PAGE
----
I’d Probably Go See “Ender’s Game” anyway…

I’d Probably Go See “Ender’s Game” anyway… October 3, 2013

…but the attempt by the Gay Legion of Menacing Visigoths for Tolerance (most recently seen in my comboxes gloating over Tom Peters’ injury and wishing him death) to crush Orson Scott Card for daring to have an opinion at variance with the Legion only makes me want to see it twice, even if it sucks.  John C. Wright proposes a Chick Fil A moment on Card’s behalf.  It will be all the sweeter if the movie is actually good, which it promises to be, judging from the trailers.

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  • Steve

    I cannot really express how important that book was to me growing up. I read it once a year from 6th grade until high school graduation. I tell parents that not giving that book to their boys constitutes child abuse.

    • Rebecca Fuentes

      My middle school advanced Lit. group read it aloud for a few years. The boys loved it, and I loved giving them a book that didn’t glorify thieving or assassination, etc. They were young enough to wrap their heads around the concept of forgiveness at the end, at least a little.

  • Paul F.

    And it stars Harrison Ford – who is like the manliest man on the face of the planet besides Sean Connery.

    • Dan F.

      This calls for a movie review by The Jerk….

  • Gail Finke

    The fact that people would consider boycotting a movie made from a book Card wrote decades ago and that has nothing to do with homosexuality or current political issues, simply because the author of the book the movie is based on is a conservative Mormon and thus believes homosexuality is a sin, frightens me. Like the call for the boycott of Barilla pasta over that Italian interview — in which the CEO said he was FOR gay marriage but against adoption by homosexuals, and then apologized for even saying that — it shows that there’s a very strong, unreasoning animus building against anyone, anywhere, ever saying anything that doesn’t toe the “orthodox” line. And apologies do not matter. People I know (vs. faceless online comments) told me that the apology didn’t matter, and neither did the fact that almost no company in the world includes same-sex parents in its advertising, so for all they know ALL companies agree with Barilla. What matters to them is that this man showed that he was “narrow-minded” and thus cannot be supported.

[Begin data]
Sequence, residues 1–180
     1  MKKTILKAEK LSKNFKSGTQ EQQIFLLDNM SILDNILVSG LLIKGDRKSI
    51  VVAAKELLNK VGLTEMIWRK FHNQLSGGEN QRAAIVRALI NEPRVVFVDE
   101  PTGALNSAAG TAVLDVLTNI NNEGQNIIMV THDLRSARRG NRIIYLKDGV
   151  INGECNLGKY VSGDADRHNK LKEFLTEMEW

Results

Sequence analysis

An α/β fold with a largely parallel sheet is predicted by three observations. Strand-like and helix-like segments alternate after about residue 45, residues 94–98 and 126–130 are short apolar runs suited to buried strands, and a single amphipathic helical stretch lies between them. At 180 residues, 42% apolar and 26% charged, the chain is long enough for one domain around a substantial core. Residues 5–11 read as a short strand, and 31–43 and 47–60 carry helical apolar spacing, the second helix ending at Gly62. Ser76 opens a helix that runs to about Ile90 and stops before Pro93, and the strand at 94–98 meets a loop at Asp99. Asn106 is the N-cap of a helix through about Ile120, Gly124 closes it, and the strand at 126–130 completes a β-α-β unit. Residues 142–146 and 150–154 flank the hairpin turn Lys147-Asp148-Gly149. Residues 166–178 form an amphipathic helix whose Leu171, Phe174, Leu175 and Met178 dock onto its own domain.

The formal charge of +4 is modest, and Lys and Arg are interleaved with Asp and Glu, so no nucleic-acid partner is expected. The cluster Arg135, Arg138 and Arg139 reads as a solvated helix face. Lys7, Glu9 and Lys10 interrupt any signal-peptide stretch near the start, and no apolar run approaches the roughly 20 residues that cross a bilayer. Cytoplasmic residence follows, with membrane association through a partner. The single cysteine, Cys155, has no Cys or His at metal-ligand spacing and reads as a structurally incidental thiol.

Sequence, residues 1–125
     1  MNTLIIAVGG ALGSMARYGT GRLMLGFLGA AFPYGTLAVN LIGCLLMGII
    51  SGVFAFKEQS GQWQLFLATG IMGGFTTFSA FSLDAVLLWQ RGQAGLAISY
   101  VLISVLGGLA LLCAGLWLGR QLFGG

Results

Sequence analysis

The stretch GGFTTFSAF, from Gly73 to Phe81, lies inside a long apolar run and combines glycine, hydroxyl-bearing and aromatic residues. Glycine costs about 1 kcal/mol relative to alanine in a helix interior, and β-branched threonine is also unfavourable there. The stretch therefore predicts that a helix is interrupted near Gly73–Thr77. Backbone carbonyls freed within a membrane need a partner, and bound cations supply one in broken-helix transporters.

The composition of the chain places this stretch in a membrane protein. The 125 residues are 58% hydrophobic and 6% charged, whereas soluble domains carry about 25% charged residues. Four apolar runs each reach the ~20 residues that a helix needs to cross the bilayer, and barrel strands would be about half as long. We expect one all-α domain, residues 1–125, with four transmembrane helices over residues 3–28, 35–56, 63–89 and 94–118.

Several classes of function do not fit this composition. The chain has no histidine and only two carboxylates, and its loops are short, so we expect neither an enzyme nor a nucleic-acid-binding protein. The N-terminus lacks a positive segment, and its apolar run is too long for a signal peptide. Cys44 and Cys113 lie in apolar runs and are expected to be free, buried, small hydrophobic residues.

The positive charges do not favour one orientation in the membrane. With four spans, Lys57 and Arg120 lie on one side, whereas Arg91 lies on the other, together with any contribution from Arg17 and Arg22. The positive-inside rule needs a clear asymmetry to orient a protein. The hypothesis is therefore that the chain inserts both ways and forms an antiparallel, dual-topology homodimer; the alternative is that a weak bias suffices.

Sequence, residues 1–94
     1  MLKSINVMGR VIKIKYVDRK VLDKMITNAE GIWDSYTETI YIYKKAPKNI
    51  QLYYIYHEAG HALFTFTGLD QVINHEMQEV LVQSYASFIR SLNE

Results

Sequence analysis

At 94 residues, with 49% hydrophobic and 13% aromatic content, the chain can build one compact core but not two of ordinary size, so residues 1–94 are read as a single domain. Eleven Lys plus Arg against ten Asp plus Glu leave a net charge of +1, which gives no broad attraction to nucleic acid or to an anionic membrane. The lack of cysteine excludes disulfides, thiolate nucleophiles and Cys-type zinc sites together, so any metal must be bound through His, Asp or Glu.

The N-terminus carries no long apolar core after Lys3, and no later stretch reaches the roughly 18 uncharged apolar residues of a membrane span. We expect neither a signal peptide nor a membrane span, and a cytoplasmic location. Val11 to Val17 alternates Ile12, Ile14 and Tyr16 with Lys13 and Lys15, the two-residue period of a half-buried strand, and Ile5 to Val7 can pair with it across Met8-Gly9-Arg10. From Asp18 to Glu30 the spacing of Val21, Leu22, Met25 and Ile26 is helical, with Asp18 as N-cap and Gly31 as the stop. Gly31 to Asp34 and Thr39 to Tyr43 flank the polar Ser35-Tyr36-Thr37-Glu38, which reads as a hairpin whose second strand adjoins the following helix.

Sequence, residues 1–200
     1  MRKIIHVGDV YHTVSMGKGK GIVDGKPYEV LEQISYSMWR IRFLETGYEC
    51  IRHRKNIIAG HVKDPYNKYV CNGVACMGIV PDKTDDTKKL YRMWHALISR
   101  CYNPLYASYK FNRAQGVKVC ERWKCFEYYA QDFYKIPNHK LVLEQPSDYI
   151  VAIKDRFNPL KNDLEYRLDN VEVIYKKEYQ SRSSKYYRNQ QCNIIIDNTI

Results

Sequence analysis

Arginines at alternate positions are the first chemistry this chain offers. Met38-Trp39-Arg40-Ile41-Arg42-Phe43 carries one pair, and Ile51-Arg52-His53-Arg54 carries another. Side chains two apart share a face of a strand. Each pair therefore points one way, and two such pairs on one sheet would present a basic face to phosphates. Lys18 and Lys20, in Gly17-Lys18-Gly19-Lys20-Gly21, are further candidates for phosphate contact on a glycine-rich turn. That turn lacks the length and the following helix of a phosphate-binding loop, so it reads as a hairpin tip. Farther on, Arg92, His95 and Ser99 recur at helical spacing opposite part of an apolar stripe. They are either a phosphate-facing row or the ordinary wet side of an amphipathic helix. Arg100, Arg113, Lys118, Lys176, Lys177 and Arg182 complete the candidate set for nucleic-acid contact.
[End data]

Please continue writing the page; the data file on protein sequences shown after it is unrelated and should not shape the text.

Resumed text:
I’ve never read the book but I know a lot of people who love it. I’ve read several of Card’s books and when he’s good he’s really good — when he’s bad he’s still better than most popular authors. He can really write. He is conservative and Mormon, and his Alvin Maker series (still not finished) is a great vehicle for understanding Mormonism. There’s no overt Mormonism in it but it’s Mormon in an anological sense, it gives you a kind of gut feeling for what they mean by being “Christian plus.”

    • Steve

      Ender’s parents are Mormon and Catholic. The sequel books in the Ender sage take place on a Catholic colony planet. I think Card has respect for the Catholic Church. One of the main driving characters in the Bean saga books is a Catholic nun who rescues the main character from the slums. I think Card’s writing shows respect for the Catholic faith.

    • kenofken

      Objections to Card’s bigotry have nothing to do with his being Mormon or hewing to it’s beliefs. They have to do with his promotion of active hatred and persecution of homosexuals. Card called for the arrest and imprisonment of gays for being gay. His defenders don’t like to talk much about that. He was writing in the context of the years in the late 1980s and early 1990s when the Supreme Court was wrestling with whether sodomy laws were unconstitutional.